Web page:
Zoo, by Britta Jaschinski

Zoo cvr

German-born Britta Jaschinski makes it clear what she thinks of zoos without any need for words.  They are gloomy depressing places containing bored animals in Spartan conditions.  These 75 black-and-white photographs, published in 1996, are grainy and overexposed, as if snapped surreptitiously by an undercover reporter penetrating to the heart of this exploitation darkness to bring back news of man’s inhumanity to his fellow creatures.  Zoos are not pleasant places, and we are encouraged to see how alienated the inmates are from their wild counterparts as they serve our pleasure on a day out.

Information provided is perfunctory, captions stating place – a selection of zoos in western Europe and the United States – and year taken, plus thumbnails at the back noting species.  A postscript describes Jaschinski’s unease visiting zoos as a child and anthropomorphically sensing ‘hopelessness’ staring back at her from the inhabitants of those unnatural habitats.  Zoos for her are more about human needs than those of the animals, and she regards them in completely negative terms, the enclosures ‘dark and fetid’; no concessions to breeding programmes or educational functions.

A sea lion opens the set, a waterfall behind its head, as if the animal is symbolically tasting freedom.  No bars are present so we might interpret it as an image of liberation, but we quickly realise as we turn the pages that the notion of freedom was illusory.  The predominant materials depicted are concrete and steel, confining creatures who should be roaming untrammelled.  Apparent self-determination is always undercut: a dolphin in the air could be leaping from the ocean, except trees are visible at the bottom of the frame.

We don’t always get a good look at the animal, because the emphasis is on the location rather than what is imprisoned within it.  Sometimes the living being is very small in the image, a mere detail in the distance; or we only see a body part: a hand, fin or leg for example.  Occasionally we don’t see the animal at all, only evidence it is there: a shadow on a wall, footprints in the sand, bubbles in the water; or synecdochally a series of spikes stand in for the entire establishment.  At the extreme there is simply blackness punctuated by white lines, telling us only that whatever is there is in a place devoid of everything which gives life meaning (until we read the caption at the back and find that what seemed meaningful is actually just vaguely outlined steps).

The human mammal features occasionally, for example a man staring at a Malayan tapir’s backside, or one walking outside, free to come and go, while a llama stares at the photographer through the bars of its cage.  At London Zoo’s beautiful Lubetkin-designed penguin enclosure is a family staring through Perspex below a sign informing visitors that feeding time is 2.30, reminding us the animals are there as a spectacle.  People themselves become exhibits, in one instance photographed foggily beyond a reptile’s head through a viewing window, the description a dismissive ‘unidentified’.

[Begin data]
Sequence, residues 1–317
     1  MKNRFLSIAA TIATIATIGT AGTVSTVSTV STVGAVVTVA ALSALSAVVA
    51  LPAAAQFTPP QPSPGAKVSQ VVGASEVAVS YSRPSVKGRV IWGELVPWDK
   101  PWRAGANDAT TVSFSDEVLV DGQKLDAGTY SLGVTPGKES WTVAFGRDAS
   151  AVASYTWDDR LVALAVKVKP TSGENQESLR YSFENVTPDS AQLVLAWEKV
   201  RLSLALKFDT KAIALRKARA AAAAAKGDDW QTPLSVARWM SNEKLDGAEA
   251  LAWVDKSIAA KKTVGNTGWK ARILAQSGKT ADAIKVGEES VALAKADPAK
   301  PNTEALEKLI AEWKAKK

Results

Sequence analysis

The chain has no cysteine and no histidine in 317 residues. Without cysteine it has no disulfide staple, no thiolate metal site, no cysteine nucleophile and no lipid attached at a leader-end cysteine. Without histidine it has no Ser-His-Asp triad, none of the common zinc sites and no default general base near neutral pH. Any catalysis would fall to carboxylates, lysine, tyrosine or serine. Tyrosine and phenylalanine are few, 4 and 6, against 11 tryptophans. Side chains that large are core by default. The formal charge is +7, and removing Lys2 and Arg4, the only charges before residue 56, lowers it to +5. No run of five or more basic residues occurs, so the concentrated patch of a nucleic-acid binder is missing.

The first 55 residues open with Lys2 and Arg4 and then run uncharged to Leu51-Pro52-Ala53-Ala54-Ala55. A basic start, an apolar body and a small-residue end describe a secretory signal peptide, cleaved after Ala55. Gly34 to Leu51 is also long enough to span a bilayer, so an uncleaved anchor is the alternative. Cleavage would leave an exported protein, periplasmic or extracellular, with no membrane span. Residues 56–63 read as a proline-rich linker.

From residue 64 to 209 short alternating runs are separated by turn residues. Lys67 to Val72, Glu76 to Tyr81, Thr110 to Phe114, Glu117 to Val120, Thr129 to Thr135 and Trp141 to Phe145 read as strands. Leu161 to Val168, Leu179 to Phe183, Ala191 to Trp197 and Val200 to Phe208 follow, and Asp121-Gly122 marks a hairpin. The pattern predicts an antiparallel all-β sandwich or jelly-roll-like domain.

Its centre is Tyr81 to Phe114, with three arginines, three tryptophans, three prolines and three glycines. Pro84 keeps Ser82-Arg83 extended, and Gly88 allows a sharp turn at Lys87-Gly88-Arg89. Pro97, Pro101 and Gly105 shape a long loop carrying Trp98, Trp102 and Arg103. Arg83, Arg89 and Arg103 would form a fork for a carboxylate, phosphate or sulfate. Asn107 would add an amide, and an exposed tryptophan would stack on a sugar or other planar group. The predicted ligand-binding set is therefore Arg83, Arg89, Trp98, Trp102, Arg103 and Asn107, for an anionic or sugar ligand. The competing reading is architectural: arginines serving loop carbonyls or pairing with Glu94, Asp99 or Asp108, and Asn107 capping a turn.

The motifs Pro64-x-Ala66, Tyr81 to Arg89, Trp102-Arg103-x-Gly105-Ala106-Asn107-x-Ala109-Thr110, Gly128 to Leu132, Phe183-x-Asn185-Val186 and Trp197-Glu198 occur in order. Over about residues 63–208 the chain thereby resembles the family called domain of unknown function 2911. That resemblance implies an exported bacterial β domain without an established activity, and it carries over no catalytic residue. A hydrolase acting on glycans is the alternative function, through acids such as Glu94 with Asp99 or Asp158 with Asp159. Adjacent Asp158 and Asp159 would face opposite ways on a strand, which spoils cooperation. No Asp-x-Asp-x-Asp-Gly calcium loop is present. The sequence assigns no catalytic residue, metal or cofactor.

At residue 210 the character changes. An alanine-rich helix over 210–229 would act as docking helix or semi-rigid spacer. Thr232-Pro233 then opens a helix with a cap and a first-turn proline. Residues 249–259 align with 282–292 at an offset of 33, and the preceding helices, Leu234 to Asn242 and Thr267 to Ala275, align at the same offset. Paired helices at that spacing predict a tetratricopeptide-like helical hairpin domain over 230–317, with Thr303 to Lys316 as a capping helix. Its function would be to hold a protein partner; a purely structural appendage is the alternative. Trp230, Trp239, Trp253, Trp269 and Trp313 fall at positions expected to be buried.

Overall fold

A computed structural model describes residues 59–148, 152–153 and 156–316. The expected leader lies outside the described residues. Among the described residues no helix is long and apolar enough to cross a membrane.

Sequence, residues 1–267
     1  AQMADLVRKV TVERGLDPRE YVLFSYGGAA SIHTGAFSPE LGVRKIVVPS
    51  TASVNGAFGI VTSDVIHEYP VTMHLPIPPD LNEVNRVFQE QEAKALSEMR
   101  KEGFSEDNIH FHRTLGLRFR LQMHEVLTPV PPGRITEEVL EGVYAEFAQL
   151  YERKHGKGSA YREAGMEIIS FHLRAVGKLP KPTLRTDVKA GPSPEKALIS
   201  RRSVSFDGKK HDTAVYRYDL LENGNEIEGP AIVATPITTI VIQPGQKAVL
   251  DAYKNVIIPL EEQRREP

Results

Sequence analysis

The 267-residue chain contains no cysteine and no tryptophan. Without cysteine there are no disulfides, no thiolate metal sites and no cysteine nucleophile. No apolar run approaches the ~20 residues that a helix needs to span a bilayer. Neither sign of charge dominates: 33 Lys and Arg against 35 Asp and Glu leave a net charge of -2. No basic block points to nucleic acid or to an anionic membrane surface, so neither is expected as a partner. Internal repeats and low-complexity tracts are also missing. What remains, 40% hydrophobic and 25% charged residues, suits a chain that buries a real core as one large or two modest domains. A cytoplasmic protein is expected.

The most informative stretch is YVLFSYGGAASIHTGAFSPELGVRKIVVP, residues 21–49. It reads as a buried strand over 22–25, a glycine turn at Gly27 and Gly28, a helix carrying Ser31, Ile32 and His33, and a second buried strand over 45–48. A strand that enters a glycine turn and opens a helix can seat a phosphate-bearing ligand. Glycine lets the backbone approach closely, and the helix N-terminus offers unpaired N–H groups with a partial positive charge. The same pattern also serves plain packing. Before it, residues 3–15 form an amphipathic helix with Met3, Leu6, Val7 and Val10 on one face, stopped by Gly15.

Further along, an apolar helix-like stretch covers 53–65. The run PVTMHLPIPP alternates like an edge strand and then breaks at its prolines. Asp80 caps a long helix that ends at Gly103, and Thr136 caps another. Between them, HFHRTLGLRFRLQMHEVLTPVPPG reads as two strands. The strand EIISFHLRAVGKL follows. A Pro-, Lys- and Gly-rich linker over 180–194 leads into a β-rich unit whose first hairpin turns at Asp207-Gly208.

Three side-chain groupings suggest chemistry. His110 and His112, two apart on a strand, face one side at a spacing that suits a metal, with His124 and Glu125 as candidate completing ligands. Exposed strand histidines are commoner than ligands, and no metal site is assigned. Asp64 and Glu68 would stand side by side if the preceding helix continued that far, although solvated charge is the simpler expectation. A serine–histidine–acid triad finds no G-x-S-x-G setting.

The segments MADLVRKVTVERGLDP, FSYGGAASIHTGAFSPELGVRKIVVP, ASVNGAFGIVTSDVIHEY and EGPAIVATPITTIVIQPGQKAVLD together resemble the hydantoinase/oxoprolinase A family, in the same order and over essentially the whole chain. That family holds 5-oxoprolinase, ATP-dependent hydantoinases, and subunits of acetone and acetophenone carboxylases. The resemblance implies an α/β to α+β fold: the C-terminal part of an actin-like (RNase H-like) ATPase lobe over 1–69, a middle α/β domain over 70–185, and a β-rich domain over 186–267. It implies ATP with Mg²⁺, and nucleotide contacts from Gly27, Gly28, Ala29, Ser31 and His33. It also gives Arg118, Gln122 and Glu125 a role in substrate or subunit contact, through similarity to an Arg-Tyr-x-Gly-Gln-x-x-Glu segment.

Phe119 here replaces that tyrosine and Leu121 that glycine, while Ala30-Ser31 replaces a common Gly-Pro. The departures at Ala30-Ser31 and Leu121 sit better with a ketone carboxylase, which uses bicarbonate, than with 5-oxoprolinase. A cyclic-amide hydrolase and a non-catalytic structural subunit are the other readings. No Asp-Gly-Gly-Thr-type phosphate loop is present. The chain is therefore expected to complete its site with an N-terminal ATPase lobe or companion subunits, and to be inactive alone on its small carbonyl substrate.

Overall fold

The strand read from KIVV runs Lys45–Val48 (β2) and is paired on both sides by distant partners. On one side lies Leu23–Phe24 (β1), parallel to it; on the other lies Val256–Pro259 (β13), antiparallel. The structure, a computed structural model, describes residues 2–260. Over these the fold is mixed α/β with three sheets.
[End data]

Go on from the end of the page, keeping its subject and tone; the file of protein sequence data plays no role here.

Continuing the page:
Unfortunately the depiction can verge on the dishonest – a giraffe at London Zoo is shown in a tiny pen, but this is only its indoor enclosure, and if the casual reader fails to notice the big door leading to the outdoor area he or she may believe this is all the space it has at its disposal.  Another photograph of a camel taken in London shows it in a small space, and one has to look hard to spot the gap where the animal can freely pass to the outside.  Photographing them in the open would undermine the theme of strict confinement; when we do get to see an elephant with the Mappin Terraces in the distance they have all the appeal of Dracula’s castle in a Hammer film.

That is not to say everything is fine.  An orangutan facing a perforated metal panel does not look happy, though it is entirely possible the animal is observing something on the other side; there is no context to help us understand what is going on.  Keeping a polar bear in a concrete enclosure within a city zoo is wrong under any circumstances, but such cases have now vanished from western zoos (those shown date from Germany in 1993 and New York in 1995, but London Zoo stopped keeping polar bears at Regent’s park in the mid-1980s).  Similarly, the presence of beluga, orca and big cats in restricted spaces is impossible to defend under any circumstances.

It is evident that some of the larger animals are in barren enclosures lacking stimulation even if they do have enough space, assuming we can trust what we see.  For all we know there may be an entire play centre just out of shot, but Jaschinski has done nothing to persuade us she gives us the whole picture; having said which she has anticipated the point by showing an orangutan ‘playground’ as she drily refers to it, in Dublin, a pathetic structure far removed in every sense from the sensory-rich rainforests of Borneo and Sumatra.

The zoos Jaschinski visited are some of the better-kept (particularly London and San Diego).  Goodness knows how the worst ones in say China or Russia would have appeared through her lens.  This is definitely not Wildlife Photographer of the Year material; in fact it’s all a bit relentless.  But then doubtless she would say she has succeeded in making her point (she claims her ‘intention is to allow shades of interpretation’ but to my mind she has a singular vision).  Fortunately zoo standards have improved over the last few decades, so much of what is shown here has been abandoned for more enlightened practices.  Whether such improvements would satisfy Jaschinski is doubtful as she seems to have a more existential issue with the institution.


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